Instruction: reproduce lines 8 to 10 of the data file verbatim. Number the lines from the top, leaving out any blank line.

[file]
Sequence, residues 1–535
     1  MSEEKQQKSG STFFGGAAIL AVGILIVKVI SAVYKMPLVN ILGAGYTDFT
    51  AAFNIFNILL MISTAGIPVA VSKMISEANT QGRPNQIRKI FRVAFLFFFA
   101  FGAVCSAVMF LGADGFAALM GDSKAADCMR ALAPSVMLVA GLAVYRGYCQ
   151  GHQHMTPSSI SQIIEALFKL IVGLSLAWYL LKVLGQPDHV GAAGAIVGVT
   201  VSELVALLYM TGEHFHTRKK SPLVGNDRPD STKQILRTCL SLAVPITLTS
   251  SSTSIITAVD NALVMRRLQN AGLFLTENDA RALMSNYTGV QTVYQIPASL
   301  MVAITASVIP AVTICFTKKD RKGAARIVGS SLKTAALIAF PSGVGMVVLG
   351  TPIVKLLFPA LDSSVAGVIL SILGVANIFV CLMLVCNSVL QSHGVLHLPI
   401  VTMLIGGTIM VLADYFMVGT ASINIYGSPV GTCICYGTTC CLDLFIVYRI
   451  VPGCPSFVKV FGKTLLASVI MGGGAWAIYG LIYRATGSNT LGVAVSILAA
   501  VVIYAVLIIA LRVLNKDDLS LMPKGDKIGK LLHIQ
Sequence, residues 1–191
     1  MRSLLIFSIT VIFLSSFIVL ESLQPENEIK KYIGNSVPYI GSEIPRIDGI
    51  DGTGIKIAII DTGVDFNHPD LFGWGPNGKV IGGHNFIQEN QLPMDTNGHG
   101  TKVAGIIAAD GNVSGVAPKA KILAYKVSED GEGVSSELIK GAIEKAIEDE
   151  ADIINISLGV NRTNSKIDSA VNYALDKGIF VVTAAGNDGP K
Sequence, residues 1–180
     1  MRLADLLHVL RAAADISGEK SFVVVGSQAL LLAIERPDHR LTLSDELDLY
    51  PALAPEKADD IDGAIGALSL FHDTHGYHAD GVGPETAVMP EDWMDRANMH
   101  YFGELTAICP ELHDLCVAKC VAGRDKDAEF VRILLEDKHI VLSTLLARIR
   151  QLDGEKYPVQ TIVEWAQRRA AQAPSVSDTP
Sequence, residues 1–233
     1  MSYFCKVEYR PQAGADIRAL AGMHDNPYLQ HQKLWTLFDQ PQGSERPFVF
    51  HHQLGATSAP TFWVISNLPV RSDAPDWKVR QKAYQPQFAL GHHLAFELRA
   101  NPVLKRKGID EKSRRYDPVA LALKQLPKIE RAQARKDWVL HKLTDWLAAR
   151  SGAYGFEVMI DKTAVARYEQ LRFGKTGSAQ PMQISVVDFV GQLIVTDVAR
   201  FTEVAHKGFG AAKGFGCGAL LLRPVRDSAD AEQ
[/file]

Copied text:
   301  MVAITASVIP AVTICFTKKD RKGAARIVGS SLKTAALIAF PSGVGMVVLG
   351  TPIVKLLFPA LDSSVAGVIL SILGVANIFV CLMLVCNSVL QSHGVLHLPI
   401  VTMLIGGTIM VLADYFMVGT ASINIYGSPV GTCICYGTTC CLDLFIVYRI